Someone whose opinion was supposed to matter asked why I thought readers in Nigeria or anywhere would want to read about rural life or why couldn’t I set the book in Lagos
In a subtle way, religion does play a major role in this novel. With Benedict’s fleeting relationship with God and Ma’s constant faith which magnified when she turned to religion to help find her son and the repentant officer at the end. Was there some kind of commentary you wanted to make about Nigerians and their relationship with religion?
I don’t even know if it’s a commentary, or maybe it is. For a book with Nigerian characters, if you want to work in a realist tradition, religion becomes a part of it. We are an overwhelmingly religious country, for better or for worse. I am interested in religion, in the many ways in which people believe and what that might mean. You will find two people who go to the same place of worship, may have the same level of ostensible adherence to their faith and still act radically different in situations.
There’s obviously something really deep in us that turns us towards religion, faith, spirituality, whatever we choose to call it. It is one of the ways in which we find meaning in life. I wouldn’t call it commentary, but there are definitely questions asked there. If you claim the core of your life is rooted in religious belief yet your actions betray dubious and unpalatable morality, shouldn’t questions be asked? And it might be useful to clarify here that by morality I mean right or wrong actions, not whether a woman’s skirt is above the knee or whether somebody has tattoos and body piercings. I had a run in with the police once in Port Harcourt.
They acted in a really abominable way, tried to shake me down for a bribe, they were willing and ready to offer me their special brand of violence, and they also became interested in what congregation I worshipped with. It was a Saturday night and they were all going to be in church the next morning. Of course, the Nigeria Police are an easy target, but really the people who fill our places of worship also occupy different positions in their work lives during the week, from managers, secretaries to gatekeepers, and it’s interesting to see how willingly we use our positions to violate each other. Why?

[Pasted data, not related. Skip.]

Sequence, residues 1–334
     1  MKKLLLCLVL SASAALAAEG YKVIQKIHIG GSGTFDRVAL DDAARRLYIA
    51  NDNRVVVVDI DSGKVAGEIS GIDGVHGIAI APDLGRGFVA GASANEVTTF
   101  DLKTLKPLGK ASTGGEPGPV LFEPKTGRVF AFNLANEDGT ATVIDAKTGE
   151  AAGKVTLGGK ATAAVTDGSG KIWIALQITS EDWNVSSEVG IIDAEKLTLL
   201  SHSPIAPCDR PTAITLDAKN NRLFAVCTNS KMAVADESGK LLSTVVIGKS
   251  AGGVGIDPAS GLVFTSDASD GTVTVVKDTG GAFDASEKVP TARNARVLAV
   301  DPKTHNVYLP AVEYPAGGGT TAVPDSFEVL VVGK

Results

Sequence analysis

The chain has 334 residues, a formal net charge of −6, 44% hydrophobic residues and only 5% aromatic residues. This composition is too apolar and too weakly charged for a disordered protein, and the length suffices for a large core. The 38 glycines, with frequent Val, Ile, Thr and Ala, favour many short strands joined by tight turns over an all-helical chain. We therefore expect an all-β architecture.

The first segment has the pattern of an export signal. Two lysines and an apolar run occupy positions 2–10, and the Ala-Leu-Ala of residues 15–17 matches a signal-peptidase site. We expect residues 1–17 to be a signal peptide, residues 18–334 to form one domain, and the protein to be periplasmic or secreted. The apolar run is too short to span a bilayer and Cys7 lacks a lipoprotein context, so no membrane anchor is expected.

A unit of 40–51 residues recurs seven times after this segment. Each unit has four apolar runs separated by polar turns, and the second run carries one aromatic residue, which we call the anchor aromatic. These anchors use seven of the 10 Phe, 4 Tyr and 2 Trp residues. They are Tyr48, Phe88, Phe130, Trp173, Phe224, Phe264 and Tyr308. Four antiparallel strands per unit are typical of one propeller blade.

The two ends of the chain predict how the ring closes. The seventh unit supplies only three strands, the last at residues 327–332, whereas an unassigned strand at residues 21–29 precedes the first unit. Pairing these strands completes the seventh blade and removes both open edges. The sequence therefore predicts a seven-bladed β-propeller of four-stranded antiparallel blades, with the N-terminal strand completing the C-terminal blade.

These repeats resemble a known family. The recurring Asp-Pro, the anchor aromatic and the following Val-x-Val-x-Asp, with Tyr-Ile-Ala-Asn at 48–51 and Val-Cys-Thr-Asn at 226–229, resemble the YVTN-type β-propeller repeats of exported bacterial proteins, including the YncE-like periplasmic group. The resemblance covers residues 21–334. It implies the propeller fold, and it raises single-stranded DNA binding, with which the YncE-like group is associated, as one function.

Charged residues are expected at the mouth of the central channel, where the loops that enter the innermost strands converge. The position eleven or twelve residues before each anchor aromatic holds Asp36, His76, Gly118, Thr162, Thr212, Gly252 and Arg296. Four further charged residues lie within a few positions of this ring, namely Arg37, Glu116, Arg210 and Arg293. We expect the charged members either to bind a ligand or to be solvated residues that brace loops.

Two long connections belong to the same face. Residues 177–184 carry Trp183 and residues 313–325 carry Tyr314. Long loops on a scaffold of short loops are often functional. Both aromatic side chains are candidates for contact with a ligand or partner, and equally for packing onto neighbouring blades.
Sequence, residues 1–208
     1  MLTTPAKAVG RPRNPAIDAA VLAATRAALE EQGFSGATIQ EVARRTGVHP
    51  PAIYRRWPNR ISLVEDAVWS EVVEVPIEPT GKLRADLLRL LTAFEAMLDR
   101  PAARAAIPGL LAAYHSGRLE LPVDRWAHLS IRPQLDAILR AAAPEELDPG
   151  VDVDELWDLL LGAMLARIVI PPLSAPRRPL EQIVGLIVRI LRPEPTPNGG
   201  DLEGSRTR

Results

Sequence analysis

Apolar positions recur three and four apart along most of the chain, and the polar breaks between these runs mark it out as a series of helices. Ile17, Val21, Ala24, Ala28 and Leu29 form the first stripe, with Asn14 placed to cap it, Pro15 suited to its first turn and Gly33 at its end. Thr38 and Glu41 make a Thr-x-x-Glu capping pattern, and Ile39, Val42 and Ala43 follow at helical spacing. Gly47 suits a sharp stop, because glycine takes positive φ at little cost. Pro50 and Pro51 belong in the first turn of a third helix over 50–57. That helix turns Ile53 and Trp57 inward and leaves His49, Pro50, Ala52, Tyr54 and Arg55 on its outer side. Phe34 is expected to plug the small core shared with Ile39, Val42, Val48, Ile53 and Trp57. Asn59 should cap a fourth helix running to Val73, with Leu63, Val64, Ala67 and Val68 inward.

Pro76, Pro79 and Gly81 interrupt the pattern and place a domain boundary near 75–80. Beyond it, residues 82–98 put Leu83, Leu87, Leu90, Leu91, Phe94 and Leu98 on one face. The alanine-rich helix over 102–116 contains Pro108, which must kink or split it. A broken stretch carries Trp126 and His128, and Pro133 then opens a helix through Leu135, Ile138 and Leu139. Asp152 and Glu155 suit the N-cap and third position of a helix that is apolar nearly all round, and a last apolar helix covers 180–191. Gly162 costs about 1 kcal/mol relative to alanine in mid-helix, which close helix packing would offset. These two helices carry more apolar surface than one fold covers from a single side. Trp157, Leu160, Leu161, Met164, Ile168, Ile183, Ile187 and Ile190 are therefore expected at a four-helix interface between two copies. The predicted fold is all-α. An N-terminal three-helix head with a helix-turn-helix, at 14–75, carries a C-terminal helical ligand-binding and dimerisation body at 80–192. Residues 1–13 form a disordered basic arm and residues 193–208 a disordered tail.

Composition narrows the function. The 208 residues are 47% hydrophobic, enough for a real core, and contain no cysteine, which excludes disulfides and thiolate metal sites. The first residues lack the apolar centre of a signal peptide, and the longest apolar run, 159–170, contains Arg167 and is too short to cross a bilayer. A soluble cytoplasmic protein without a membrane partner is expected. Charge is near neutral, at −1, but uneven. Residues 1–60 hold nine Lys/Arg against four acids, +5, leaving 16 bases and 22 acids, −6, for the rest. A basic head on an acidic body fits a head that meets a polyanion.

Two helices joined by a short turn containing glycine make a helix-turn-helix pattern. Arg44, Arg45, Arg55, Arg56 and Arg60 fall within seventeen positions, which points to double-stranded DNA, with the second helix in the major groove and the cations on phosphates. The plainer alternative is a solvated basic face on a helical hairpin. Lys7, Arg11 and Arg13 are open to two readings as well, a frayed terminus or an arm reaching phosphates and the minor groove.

Good question indeed. But then speaking about the police, the officer at the end of your novel was emboldened to come clean because he had found religion. Did you see any parallels between this incident and the relationship of our politicians with religion?
That’s a troublesome question. My superficial concern was to describe a situation. I’ve seen these things happen. In that specific case the officer coming to confess was rooted in a specific doctrine, and his boldness too, which you mention, is also a result of his action being rooted in religious doctrine; there is a righteous feeling there for him too, I think. It’s not always simple. On one hand we can talk about the ways in which we can act when we can support it by religious doctrine, the ways in which some religious teachings can dull compassion, but also how a lot of compassionate and just behavior can still issue out of religious understanding. I have no interest in decrying what people believe but rather that we be alert about what we consider moral action.